Self-Balancing Binary Search Trees
Self-Balancing Binary Search Trees are height-balanced binary search trees that automatically keep the height as small as possible when insertion and deletion operations are performed on the tree.
The height is typically maintained in order of logN so that all operations take O(logN) time on average.
Examples: The most common examples of self-balancing binary search trees are
- AVL Tree
- Red Black Tree and
- Splay Tree
An AVL tree defined as a self-balancing Binary Search Tree (BST) where the difference between heights of left and right subtrees for any node cannot be more than one.
Basic operations on AVL Tree include:
To learn more about this, refer to the article on AVL Tree.
Red-Black tree is a self-balancing binary search tree in which every node is colored with either red or black. The root and leaf nodes (i.e., NULL nodes) are always marked as black.
Some Properties of Red-Black Tree:
- Root property: The root is black.
- External property: Every leaf (Leaf is a NULL child of a node) is black in Red-Black tree.
- Internal property: The children of a red node are black. Hence possible parent of red node is a black node.
- Depth property: All the leaves have the same black depth.
- Path property: Every simple path from the root to descendant leaf node contains the same number of black nodes
To learn more about this, refer to the article on “Red-Black Tree“.
Splay is a self-balancing binary search tree. The basic idea behind splay trees is to bring the most recently accessed or inserted element to the root of the tree by performing a sequence of tree rotations, called splaying.
Basic operations that are performed in a splay tree are:
- Rotation (There are two types of rotation in a Splay tree named zig rotation and zag rotation)
To learn more about this, refer to the article on “Splay Tree“.
Language Implementations of self-balancing BST:
- set and map in C++ STL.
- TreeSet and TreeMap in Java. Most of the library implementations use Red Black Tree.
- Python standard library does not support Self Balancing BST. In Python, we can use bisect module to keep a set of sorted data. We can also use PyPi modules like rbtree (implementation of red-black tree) and pyavl (implementation of AVL tree).
How does Self-Balancing Binary Search Tree maintain height?
A typical operation done by trees is rotation. Following are two basic operations that can be performed to re-balance a BST without violating the BST property (keys(left) < key(root) < keys(right)).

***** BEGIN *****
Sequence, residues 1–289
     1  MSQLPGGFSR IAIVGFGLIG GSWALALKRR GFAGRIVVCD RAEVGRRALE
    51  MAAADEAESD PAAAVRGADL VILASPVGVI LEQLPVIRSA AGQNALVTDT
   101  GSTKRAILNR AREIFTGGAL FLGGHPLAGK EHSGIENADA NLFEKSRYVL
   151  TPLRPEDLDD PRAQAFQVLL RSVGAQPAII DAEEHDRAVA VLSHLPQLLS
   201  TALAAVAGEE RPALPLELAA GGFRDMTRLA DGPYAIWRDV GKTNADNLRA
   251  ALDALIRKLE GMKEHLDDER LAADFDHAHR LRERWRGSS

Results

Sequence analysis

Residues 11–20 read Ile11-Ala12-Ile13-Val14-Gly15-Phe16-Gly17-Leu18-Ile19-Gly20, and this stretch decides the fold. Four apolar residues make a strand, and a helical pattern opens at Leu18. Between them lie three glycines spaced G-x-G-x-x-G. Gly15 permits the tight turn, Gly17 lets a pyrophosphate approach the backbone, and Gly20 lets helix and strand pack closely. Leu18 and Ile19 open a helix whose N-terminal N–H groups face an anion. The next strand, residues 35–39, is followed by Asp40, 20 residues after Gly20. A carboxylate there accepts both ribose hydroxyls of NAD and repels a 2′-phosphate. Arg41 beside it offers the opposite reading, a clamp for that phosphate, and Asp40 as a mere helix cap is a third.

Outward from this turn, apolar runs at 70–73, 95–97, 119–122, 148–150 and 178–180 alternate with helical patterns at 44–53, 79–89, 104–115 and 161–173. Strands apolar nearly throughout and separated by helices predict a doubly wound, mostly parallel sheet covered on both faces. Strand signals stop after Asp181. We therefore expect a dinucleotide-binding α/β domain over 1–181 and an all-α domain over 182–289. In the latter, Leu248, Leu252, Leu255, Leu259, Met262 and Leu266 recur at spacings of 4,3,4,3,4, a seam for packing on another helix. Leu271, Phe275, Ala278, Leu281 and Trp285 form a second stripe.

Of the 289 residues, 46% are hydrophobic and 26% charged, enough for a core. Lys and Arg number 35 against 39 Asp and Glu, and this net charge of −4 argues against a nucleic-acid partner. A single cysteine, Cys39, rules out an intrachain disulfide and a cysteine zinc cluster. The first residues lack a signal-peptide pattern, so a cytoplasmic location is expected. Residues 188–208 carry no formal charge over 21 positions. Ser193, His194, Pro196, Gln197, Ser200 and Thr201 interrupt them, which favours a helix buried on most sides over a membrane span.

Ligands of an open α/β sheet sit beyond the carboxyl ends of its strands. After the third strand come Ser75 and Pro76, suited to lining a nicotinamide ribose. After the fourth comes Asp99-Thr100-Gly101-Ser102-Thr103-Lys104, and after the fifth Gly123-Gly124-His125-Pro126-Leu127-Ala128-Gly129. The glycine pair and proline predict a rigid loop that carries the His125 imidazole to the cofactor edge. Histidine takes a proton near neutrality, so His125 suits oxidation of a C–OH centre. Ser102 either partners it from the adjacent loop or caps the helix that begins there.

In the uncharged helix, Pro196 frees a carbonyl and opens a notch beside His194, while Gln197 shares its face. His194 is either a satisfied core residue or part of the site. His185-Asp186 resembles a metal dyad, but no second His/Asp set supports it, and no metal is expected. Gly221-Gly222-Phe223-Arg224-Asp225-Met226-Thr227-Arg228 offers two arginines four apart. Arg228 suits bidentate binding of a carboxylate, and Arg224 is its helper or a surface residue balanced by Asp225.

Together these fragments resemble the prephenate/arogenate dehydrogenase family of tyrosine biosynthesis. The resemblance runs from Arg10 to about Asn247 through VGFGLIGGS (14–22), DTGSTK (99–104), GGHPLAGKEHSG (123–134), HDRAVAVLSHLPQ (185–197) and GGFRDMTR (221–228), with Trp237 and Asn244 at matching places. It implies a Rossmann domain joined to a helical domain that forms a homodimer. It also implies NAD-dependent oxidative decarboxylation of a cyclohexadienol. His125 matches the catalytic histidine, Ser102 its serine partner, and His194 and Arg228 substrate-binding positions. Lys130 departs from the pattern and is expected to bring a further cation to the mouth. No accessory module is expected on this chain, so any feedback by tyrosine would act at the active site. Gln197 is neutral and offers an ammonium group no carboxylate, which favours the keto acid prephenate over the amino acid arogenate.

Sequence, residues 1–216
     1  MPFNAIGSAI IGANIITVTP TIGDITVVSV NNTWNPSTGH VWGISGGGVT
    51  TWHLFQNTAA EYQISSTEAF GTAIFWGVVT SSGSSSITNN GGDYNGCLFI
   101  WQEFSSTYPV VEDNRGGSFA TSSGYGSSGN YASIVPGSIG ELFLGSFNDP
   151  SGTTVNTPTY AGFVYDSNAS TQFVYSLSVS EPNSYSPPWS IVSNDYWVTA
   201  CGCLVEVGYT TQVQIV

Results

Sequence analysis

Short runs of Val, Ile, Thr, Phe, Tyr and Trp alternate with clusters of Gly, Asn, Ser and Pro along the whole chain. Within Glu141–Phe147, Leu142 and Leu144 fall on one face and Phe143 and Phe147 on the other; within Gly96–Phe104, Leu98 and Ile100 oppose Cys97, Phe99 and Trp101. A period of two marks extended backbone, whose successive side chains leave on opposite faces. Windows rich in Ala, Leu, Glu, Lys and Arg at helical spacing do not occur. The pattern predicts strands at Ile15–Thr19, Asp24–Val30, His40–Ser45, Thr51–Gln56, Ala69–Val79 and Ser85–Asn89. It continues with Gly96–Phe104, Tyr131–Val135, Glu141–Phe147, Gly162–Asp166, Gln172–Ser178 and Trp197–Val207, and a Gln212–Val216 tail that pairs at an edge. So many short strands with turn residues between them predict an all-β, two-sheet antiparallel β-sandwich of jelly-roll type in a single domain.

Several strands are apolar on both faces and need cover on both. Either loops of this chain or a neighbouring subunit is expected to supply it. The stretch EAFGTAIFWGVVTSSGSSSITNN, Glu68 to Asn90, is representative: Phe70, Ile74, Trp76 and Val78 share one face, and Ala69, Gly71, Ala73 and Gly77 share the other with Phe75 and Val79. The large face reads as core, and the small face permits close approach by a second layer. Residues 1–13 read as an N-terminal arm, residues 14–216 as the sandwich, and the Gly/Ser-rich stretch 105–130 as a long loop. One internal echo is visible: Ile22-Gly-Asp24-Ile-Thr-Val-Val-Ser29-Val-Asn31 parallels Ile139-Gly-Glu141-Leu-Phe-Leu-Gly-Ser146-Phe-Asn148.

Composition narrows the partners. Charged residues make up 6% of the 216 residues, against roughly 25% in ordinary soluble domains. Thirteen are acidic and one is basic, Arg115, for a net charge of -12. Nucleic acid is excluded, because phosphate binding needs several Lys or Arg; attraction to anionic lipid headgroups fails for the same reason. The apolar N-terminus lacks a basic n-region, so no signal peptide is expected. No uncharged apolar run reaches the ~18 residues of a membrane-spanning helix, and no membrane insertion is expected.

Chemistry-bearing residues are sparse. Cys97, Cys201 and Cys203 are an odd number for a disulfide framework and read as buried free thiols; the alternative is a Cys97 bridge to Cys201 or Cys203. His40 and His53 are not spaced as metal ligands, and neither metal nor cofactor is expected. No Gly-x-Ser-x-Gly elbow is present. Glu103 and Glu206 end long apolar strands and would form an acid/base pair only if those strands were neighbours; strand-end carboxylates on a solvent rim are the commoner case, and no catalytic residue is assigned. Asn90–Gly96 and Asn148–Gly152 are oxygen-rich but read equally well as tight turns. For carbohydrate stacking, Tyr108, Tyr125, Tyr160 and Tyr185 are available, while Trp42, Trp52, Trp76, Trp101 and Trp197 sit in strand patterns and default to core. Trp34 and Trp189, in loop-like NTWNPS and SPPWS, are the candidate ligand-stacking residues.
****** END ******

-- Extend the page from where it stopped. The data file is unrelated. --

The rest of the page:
- Left Rotation
- Right Rotation
T1, T2 and T3 are subtrees of the tree rooted with y (on the left side) or x (on the right side)
/ \ Right Rotation / \
x T3 – – – – – – – – – > T1 y
/ \ <- – – – – – – – – / \
T1 T2 Left Rotation T2 T3
Keys in both of the above trees follow the following order
keys(T1) < key(x) < keys(T2) < key(y) < keys(T3)
So BST property is not violated anywhere.
Comparisons among Red-Black Tree, AVL Tree and Splay Tree:
In this article, we will compare the efficiency of these trees:
|Metric||Red-Black Tree||AVL Tree||Splay Tree|
|Insertion in |
|Maximum height |
|Search in |
|Amortized O(logN), |
|Efficient Implementation requires||Three pointers with color bit per node||Two pointers with balance factor per |
|Only two pointers with |
no extra information
|Deletion in |
|Mostly used||As universal data structure||When frequent lookups are required||When same element is |
retrieved again and again
|Real world Application||Database Transactions||Multiset, Multimap, Map, Set, etc.||Cache implementation, Garbage collection Algorithms|
AVL Tree is considered to be Strict as we have to maintain Balance Factor i.e. abs(Height of Left Sub-Tree – Height of Right Sub-Tree) ≤ 1, and In Red Black Tree, it is not considered to be as Strict as AVL Tree, due to which there are less number of rotations are required to make the Unbalanced BST -> Balanced as compared to AVL Tree. Also, In summary, if the application requires fast search times, an AVL Tree may be the better choice. If the application requires fast insertion and deletion times, a Red-Black Tree may be the better choice. It’s also important to consider other factors such as the size and complexity of the data being stored, as well as the memory and processing resources available.
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